The problem with sweet rolls is that they are a breakfast food that is too complicated to make in time for breakfast. What with all the yeasty risings, they just can’t happen first thing in the morning.
Sure, there are makeshift solutions. Shaped rolls can be proofed in the fridge overnight and then baked first thing in the morning. Or already-baked rolls can be wrapped in foil and then, come morning, warmed in the oven. But both of those solutions are, I think, suboptimal. Dough made with commercial yeast is not enhanced by a refrigerated timeout—the dough often overproofs, turning bloated and sour—and reheated rolls feel second best. There’s nothing quite like freshly-baked sweet rolls, period.
All my sweet roll angst came to the forefront when, just the other day, I read this title: lemon cheesecake morning buns. Fresh rolls? In the morning? With lemon? Ooh-la-la!
Then a snowstorm hit, and a hot oven and freshly baked goods seemed the right thing to do. I had my husband pick up a couple lemons and some cream cheese, and that night after supper, I mixed up the dough, the cream cheese filling, and the lemon glaze. A couple hours later, after reading to the kids and popping them into bed, I hustled back out to the kitchen to assemble the rolls and pop them into the fridge. (Yes, yes. I know what I said about yeast doughs chilling in fridges, but this yeast dough is only mildly yeasted, plus, it boasts baking powder and baking soda. The nighttime rest left it only slightly puffed and with no ill-flavor effects.) That night I went to bed excited. Breakfast was gonna be delicious!
And it was. The rolls were delightful: lemony and cheesy, light and tender. We each had two.
Later, I had another one. Cooled, it tasted even better, I thought. Like a lemon cheese danish.
So now I have a solution to the sweet rolls-for-breakfast conundrum. It’s not the classic sweet roll, but hello, LEMON AND CREAM CHEESE? ‘Nuff said.
The only change I made was to reduce the butter. I know! I know! Me, Jennifer, the butter queen cutting back the butter! It’s crazy! But seriously, a whole stick of butter with pound of cream cheese for just the filling? Even for me, it seemed like overkill. So I cut it in half and didn’t miss it.
I’ve broken the recipe into three stages: early evening, bedtime, and morning. It may look complicated, but taken one step at a time, it’s not. Also, the first step involves the biggest mess. If you do it immediately after supper, you can add the dirty dishes to the supper pile and better utilize the dishwasher’s services. If you’re sneaky, they won’t even know they’re being taken advantage of.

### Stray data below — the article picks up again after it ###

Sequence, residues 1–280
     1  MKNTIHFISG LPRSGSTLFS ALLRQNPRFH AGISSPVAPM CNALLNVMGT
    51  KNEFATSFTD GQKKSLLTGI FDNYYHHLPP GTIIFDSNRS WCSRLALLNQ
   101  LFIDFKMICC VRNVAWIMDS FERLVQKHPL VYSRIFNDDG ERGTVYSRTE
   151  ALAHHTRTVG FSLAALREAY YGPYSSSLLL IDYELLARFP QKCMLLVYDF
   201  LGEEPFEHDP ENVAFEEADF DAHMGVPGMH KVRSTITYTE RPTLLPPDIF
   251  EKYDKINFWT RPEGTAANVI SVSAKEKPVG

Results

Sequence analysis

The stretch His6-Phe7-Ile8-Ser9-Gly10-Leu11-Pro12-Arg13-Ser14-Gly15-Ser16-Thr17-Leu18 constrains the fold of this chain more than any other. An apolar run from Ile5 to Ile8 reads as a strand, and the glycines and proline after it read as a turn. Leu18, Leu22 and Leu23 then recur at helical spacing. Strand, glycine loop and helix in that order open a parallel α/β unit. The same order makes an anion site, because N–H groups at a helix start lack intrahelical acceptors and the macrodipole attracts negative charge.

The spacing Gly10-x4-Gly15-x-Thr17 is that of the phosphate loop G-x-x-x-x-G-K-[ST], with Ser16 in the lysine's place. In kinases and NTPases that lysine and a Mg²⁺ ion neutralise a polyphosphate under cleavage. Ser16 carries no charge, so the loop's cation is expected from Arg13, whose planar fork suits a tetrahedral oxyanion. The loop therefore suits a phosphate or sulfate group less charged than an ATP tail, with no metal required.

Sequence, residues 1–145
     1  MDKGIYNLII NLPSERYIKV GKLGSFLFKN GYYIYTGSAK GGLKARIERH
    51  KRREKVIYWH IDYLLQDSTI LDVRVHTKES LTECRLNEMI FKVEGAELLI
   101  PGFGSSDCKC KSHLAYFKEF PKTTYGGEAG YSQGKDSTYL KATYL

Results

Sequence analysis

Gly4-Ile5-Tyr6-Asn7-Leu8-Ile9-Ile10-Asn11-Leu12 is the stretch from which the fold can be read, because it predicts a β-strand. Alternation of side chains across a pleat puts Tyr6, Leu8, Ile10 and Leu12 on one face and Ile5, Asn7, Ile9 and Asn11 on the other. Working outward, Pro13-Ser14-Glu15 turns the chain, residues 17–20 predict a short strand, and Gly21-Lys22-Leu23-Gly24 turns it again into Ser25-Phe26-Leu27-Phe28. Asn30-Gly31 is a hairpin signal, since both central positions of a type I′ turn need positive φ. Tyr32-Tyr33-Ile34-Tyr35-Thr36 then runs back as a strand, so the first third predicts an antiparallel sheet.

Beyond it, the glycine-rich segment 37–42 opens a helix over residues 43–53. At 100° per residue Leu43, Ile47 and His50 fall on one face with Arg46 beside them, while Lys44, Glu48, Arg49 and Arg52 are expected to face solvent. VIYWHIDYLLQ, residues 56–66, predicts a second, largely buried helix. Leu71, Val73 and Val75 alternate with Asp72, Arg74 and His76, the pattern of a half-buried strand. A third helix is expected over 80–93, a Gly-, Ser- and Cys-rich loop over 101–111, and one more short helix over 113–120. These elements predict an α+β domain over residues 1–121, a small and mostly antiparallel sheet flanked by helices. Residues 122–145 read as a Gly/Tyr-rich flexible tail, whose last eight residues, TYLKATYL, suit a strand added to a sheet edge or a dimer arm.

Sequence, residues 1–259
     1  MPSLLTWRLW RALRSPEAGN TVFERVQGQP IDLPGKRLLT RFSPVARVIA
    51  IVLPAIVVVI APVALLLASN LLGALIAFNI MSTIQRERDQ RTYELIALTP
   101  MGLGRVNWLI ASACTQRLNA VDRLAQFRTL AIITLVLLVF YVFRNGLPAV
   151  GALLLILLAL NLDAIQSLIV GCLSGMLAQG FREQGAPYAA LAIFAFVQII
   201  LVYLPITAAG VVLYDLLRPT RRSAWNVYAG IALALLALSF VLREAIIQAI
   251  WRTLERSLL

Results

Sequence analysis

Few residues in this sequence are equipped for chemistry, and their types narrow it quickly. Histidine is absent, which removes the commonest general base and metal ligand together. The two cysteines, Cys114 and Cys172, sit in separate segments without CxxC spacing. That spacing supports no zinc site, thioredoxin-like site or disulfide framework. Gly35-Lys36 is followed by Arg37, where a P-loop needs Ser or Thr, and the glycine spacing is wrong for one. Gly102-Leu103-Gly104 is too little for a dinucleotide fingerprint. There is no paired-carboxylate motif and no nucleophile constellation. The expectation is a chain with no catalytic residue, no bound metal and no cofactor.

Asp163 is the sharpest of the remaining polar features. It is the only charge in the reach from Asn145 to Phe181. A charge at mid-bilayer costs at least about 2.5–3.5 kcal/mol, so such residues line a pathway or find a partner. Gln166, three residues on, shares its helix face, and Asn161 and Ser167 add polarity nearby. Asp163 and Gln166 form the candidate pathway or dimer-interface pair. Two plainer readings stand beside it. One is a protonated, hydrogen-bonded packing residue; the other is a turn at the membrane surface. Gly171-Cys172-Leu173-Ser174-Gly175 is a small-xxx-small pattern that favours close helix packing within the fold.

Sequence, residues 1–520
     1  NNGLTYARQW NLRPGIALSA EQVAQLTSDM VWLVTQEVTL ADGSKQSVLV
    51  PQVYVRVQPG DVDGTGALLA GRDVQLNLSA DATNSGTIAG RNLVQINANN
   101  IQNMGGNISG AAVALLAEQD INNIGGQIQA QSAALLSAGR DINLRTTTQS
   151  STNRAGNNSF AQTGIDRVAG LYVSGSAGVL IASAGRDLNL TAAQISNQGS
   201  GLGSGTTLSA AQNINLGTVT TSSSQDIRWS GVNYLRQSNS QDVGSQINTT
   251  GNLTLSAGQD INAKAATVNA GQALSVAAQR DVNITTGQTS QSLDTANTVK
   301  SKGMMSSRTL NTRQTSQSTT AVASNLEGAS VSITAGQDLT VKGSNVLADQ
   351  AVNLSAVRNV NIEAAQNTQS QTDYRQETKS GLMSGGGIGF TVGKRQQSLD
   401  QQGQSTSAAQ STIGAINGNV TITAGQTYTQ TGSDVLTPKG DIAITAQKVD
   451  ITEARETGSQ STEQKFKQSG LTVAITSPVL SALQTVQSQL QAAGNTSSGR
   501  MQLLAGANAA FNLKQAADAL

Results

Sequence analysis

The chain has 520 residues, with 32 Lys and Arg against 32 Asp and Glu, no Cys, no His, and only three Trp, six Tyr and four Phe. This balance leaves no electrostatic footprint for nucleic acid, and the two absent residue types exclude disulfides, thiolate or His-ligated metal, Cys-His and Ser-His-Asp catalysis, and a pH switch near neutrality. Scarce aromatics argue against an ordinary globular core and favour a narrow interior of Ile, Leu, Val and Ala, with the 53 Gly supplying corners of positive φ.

Part One: Early Evening
For the dough:
¼ cup warm water
1 tablespoon yeast
5 cups flour
1 teaspoon each baking soda, baking powder, and salt
3 tablespoons sugar
2/3 cup (10 2/3 tablespoons) butter
2 tablespoons white vinegar
2 cups, minus 2 tablespoons, milk
In a small bowl, combine the water and yeast. Set aside. Measure the vinegar into the bottom of a two-cup measure. Top it off with milk.
In a large bowl, stir together the flour, baking soda and baking powder, salt, and sugar. Using your fingers, cut in the butter. Stir in the milk and dissolved yeast. The dough will be sticky—there is no need to knead it. Cover with a cloth and set aside.
For the cream cheese lemon filling:
1 pound cream cheese
½ cup sugar
zest of one lemon
2 tablespoons fresh lemon juice
4 tablespoons butter, softened
In a bowl, beat together the cream cheese, sugar, egg, and lemon zest and juice. Cover with plastic and set aside. (The butter is applied separately from the filling.)
For the lemon glaze:
2 cups confectioner’s sugar, sifted
1 tablespoon fresh lemon juice
½ teaspoon vanilla
¼ cup milk
lemon zest, for garnish
Whisk together the sugar, lemon juice, vanilla, and milk. Cover tightly and store in the refrigerator.
Part Two: Bedtime
Turn the dough out onto a floured counter. Knead very briefly. Roll the dough into a large rectangle about 1/8 inch thick. Spread with the 4 tablespoons of softened butter and then with the cream cheese filling. Roll the dough up as you would for sweet rolls and cut into 24 pieces. Place the rolls into two, greased 9×13 pans. Cover tightly with plastic and store in the refrigerator.
Part Three: In the Morning
To bake and serve:
Turn the oven to 350 degrees. Remove the rolls from the fridge and let sit on the top of the oven while it preheats. Bake for about 25 minutes until the rolls are puffed and golden brown. While still warm, drizzle with the glaze and sprinkle with lots of fresh lemon zest. Serve warm or at room temperature.
Updated March 27, 2015: I made these without the nighttime rest in the fridge. In fact, I pushed the recipe through in three hours from start to finish. The resulting buns were good, but not as good. Which leads me to think that the slower method is better…?